Do I Need To Hire A Licensed Contractor

Since I’m in the construction business I’m often asked about the importance of licensing.  Friends read articles that say the only way to protect oneself is to use a licensed contractor.  But the painter or handyman that’s been recommended isn’t licensed, is it safe to hire him?

Unfortunately, the answer isn’t always an easy one.

There are two different types of licenses in the jurisdictions in which I work.

Professional Licenses: Professional licenses provide assurance that a licensed individual has passed knowledge-based exams and has worked a certain number of years under a licensed professional.  Most jurisdictions require that electrical and plumbing work be performed by a licensed plumber or electrician.  A registered engineer or licensed architect, in addition to passing exams and having professional work experience must also finish certain degree programs.

Since I am not a licensed architect, I always use a registered structural engineer to approve certain types of structural changes.  Licensing says nothing about the quality of one’s designs or ability to work with and understand the needs of clients.  I am not comfortable designing a house from scratch, I would hire an architect to work with me on this.  However, because I’ve remodeled my own houses and am responsible for the construction aspects or remodeling for others, I’m in some ways better prepared than an architect to design and manage a remodeling design/build company.

I will also admit that I don’t always use licensed electricians and plumbers.  I always use a licensed professional for rough-in plumbing and for upgrades to electrical service.  In addition, I always get a permit which means an inspector will review the work to ensure it meets code.  But I don’t hesitate to use a handyman or other experienced contractor to change electrical or plumbing fixtures.  In fact, for remodeling my own homes, I’ve passed an electrical exam for homeowners and done my own wiring of lighting and outlets.  An inspector will inspect my work and this is comfortable for me.  Someone less familiar with construction might only be comfortable using a licensed professional for these tasks also.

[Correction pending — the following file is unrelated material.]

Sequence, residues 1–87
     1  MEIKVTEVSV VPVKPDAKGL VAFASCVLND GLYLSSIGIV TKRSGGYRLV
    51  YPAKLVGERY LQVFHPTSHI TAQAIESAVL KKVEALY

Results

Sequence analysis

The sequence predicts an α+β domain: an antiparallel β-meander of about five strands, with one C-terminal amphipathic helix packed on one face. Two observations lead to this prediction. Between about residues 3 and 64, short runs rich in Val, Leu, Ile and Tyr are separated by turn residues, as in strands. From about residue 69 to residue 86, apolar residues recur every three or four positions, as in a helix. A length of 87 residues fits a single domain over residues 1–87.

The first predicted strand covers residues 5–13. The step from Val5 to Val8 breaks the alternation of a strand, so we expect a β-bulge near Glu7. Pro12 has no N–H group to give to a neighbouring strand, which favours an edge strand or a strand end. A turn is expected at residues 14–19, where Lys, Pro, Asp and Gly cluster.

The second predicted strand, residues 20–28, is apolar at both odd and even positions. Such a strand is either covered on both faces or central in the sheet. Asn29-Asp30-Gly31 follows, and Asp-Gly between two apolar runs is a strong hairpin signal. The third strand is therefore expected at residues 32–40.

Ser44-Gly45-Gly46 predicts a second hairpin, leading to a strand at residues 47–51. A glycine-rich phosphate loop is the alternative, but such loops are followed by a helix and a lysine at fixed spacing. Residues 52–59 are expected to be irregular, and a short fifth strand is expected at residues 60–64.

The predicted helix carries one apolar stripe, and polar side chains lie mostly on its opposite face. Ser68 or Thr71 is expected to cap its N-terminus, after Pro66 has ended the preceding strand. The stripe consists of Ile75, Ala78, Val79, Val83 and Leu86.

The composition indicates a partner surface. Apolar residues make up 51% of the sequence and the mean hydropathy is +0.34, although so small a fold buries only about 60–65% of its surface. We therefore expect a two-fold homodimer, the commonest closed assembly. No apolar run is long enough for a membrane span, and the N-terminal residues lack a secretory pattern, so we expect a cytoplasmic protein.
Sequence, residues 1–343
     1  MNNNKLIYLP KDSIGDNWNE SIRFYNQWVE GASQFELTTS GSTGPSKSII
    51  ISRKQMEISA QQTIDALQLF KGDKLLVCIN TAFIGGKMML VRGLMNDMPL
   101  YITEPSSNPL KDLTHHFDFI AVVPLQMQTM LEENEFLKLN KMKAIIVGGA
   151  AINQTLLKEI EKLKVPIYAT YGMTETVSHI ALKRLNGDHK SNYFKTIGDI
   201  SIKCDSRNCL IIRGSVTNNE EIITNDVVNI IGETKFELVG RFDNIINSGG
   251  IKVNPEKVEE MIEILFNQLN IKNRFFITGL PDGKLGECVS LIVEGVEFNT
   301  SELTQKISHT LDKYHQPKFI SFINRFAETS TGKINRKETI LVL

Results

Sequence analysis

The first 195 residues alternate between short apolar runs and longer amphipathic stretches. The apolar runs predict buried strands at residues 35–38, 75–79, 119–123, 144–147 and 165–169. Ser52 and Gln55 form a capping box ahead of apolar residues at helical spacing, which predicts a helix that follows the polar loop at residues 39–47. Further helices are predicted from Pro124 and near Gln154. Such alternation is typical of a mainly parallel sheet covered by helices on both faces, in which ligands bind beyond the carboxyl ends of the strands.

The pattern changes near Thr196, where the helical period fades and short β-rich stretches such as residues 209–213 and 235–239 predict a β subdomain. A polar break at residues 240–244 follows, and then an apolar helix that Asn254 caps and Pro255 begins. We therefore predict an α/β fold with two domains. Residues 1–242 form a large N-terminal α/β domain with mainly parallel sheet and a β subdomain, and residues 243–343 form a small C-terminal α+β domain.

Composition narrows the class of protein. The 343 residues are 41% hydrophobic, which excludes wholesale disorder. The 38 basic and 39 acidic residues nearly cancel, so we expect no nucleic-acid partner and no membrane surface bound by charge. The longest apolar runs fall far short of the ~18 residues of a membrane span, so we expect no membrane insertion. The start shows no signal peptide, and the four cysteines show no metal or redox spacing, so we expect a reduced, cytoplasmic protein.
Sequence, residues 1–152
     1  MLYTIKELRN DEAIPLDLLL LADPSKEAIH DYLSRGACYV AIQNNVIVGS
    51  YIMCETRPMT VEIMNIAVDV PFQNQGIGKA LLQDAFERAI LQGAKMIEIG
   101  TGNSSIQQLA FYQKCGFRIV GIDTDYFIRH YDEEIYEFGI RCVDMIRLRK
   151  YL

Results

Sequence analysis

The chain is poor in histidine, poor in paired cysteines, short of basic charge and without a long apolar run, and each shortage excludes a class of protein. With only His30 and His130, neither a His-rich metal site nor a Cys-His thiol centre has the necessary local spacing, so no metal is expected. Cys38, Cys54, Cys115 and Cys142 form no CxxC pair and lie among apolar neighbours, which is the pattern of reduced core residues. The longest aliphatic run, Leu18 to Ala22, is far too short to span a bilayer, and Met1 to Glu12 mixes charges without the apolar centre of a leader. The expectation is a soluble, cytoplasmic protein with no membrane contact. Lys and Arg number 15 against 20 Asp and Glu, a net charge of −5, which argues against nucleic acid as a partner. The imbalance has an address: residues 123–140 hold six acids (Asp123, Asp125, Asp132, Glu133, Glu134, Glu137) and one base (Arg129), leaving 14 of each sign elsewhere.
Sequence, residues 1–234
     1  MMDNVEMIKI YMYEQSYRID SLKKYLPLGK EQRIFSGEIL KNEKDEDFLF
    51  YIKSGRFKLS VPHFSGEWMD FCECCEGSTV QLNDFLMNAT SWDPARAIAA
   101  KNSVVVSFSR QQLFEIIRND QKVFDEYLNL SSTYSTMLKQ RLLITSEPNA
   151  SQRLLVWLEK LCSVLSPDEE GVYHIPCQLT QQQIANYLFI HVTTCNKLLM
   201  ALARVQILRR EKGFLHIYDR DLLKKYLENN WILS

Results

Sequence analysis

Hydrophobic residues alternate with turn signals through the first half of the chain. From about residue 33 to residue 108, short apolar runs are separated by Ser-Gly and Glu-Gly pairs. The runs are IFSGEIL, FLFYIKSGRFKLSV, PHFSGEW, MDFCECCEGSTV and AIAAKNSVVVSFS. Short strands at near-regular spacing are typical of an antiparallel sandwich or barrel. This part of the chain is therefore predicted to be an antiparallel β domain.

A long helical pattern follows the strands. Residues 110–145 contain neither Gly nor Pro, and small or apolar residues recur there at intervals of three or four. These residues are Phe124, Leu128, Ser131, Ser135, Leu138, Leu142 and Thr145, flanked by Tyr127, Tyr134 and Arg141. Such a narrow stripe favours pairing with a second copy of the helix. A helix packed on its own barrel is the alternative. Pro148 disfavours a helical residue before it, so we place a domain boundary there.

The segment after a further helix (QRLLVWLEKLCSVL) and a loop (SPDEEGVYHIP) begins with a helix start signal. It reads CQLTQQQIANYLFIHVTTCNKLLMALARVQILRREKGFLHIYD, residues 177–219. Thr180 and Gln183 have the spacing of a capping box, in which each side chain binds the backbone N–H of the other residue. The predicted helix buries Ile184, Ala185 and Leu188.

Business Licenses: When a jurisdiction licenses a home improvement contractor, this is usually a business license and not a professional license.  The most basic protection that this type of license offers homeowners is the requirement for a certain level of general liability insurance – that level varies by jurisdiction.  In Maryland and the District of Columbia the amounts are $50,000 in property damage.  Both jurisdictions require that a company carry workers compensation insurance in case of worker injury.  In Maryland the license also requires a certain number of years of experience and passing an exam (which is testing knowledge of the laws and requirements not construction knowledge).  The District does not require this but does require copies of preprinted standard contracts.

So this home improvement business license basically assures the homeowner that the owner of the company has a basic level of business knowledge and a basic level of insurance.  But I carry far more insurance than is required for licensing and carry professional liability insurance as well as general and property liability insurance.

Importantly, Maryland also has a Guaranty Fund that can resolve claims made by homeowners should a licensed contractor fail to perform against a contract.

Conclusions: But licensing says nothing about the ease of working with a tradesman or how conscientious they are or about the neatness of their work.  A painting company large enough to go through the licensing process may also cost more and have an owner that only checks on work periodically instead of being on the job site working alongside his crew most of the day.  My favorite painter is not licensed.  But his work and that of his crew is the best I’ve seen.  Equally important to me and my clients, he is always on time, is neat, is easy to work with, has real pride in his work and has demonstrated that he can solve problems.

A decision about who to hire is much more complex than determining who is licensed.  Home improvement is like most everything else we do where we need to weigh risks and benefits in making a decision.  Just remember that a professional license does assure that a contractor has a certain level of training and knowledge (but the tested knowledge is a very small segment of the knowledge-based required for executing a complex remodel).  A business license assures a certain level of business knowledge and insurance.  Neither license says anything about whether that contractor is right for your job and for working with you.  In a previous article (link), I’ve offered guidance about what to ask references in hiring a contractor to help answer the questions about whether the contractor has the experience based required for your job and whether he’s a good match for you.  The questions are as relevant whether the contractor is a general contractor or a painter.

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